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More About Lizards
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Lizards are small reptiles, cold-blooded animals that have a long tail, eyelids, and usually have four legs (a group of lizards called amphisbaenas have no legs). There are about 2,500 different species of lizards. Only two of these species are poisonous.

Habitat: Lizards are found all over the world except in polar regions. Most live in trees (like the frilled lizard) or on the ground; only a few live in the water (like the great marine iguana). Lizards like to sun themselves to increase their body temperature.

Size and Color: Lizards vary in size from under 3 inches (7.5 cm) long to over 10 feet (3 m) long (Komodo dragons). They also vary in color. Ground- and tree-dwelling lizards are usually brightly-colored. Desert lizards are usually camouflaged. Chameleons can change their skin color to match their surroundings.

Regeneration: When a predator is attacking, the lizard can break off its tail in order to escape. The predator is often distracted and eats the tail as the lizard escapes. Later, the lizard will regrow the tail.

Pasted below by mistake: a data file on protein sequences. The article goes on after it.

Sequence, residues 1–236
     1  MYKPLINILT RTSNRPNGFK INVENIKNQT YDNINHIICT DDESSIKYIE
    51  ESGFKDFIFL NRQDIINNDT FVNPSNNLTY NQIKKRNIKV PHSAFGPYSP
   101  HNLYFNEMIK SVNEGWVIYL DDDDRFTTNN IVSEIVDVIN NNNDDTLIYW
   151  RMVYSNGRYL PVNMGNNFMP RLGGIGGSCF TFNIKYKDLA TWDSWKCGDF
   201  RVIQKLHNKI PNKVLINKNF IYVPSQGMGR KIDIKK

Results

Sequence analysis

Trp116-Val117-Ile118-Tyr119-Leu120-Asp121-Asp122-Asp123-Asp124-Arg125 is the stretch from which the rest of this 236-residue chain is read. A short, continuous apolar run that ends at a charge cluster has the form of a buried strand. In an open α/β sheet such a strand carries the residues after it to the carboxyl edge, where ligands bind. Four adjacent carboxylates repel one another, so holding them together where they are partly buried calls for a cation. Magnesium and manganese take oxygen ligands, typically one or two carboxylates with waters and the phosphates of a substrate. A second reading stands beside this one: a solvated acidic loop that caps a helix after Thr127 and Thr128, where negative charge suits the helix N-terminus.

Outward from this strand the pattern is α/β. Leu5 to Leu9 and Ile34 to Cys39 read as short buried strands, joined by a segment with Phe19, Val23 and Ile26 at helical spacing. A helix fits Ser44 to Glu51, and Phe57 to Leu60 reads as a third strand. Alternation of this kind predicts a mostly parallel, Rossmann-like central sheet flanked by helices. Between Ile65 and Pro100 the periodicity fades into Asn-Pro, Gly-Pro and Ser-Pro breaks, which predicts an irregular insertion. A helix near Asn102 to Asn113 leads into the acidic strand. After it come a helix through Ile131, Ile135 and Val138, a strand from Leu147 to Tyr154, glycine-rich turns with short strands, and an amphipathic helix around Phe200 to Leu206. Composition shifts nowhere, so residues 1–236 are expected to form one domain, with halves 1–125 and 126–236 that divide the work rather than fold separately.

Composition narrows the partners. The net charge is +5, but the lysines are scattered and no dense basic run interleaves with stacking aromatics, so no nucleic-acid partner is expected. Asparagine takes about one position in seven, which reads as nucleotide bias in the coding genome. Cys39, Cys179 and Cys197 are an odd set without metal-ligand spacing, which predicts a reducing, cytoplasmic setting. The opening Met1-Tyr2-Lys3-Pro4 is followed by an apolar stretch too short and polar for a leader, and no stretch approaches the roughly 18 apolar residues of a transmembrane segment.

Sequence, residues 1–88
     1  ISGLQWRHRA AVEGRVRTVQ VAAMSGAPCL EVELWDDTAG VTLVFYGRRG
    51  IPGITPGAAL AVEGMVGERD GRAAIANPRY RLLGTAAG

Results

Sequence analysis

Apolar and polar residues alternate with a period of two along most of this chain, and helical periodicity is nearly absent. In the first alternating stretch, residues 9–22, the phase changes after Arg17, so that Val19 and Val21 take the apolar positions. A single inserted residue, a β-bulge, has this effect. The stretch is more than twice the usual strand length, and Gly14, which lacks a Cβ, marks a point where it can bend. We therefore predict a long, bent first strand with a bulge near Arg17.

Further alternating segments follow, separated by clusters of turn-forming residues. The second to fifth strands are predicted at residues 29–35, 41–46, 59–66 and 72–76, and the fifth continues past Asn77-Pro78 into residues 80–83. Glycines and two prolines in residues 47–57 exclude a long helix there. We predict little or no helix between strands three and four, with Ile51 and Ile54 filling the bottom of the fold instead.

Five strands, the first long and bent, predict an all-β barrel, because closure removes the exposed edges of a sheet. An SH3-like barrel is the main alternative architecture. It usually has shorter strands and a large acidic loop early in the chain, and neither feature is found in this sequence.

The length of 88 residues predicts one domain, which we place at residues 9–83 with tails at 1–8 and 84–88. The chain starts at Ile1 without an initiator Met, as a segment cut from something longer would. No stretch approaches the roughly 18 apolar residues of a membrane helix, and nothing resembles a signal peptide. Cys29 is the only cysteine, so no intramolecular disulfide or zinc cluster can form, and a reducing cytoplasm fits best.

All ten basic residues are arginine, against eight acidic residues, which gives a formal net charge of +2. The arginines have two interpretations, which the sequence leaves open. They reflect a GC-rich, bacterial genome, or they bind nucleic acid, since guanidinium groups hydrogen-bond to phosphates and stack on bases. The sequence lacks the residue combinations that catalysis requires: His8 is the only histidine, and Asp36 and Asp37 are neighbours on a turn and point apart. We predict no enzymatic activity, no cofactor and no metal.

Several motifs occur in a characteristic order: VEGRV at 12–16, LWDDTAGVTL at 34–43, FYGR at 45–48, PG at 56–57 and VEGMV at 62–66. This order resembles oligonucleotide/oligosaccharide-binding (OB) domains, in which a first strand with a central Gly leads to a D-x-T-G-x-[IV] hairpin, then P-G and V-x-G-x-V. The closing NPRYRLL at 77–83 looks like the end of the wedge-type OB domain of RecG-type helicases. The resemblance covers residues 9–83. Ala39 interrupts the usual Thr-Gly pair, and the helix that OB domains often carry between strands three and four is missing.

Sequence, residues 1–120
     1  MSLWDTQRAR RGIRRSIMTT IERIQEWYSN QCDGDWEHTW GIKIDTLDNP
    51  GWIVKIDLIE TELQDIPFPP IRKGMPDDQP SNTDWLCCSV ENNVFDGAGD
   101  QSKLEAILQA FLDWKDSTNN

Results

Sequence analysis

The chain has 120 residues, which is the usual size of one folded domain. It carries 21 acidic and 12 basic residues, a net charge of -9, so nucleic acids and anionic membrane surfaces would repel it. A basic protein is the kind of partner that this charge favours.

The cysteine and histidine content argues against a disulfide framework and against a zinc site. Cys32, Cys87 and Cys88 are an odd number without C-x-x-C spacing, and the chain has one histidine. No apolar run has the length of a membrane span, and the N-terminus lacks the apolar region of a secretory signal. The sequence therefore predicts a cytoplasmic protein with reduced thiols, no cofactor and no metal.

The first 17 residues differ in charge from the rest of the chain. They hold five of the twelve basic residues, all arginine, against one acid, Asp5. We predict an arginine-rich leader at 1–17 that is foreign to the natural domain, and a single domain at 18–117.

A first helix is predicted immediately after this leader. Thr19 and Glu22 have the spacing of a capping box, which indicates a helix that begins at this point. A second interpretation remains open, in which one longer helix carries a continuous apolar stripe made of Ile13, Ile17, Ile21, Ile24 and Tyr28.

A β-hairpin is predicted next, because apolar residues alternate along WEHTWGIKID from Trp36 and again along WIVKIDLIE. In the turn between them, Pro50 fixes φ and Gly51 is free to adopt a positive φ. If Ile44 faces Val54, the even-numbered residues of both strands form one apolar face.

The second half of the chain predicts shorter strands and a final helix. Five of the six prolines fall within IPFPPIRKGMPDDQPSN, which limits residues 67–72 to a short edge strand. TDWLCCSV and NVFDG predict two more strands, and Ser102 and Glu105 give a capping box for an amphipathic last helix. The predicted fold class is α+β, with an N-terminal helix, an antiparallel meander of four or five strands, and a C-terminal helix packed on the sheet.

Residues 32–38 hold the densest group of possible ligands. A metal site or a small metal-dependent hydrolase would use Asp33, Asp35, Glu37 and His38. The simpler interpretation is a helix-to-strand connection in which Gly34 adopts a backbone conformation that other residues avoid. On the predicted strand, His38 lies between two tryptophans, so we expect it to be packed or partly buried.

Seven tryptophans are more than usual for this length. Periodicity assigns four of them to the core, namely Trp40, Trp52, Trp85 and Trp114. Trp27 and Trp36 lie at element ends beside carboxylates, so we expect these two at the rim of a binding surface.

Diet: Most lizards eat insects (they are insectivores). Some eat bigger animals, like birds (these lizards are carnivores) and a few are plant-eaters (these lizards are herbivores).

Reproduction: Most female lizards lay soft-shelled eggs, but a few give birth to live young (like the slow worm).

Classification: Class Reptilia (reptiles), Order Squamata (lizards and snakes), Suborder Iguania (lizards).

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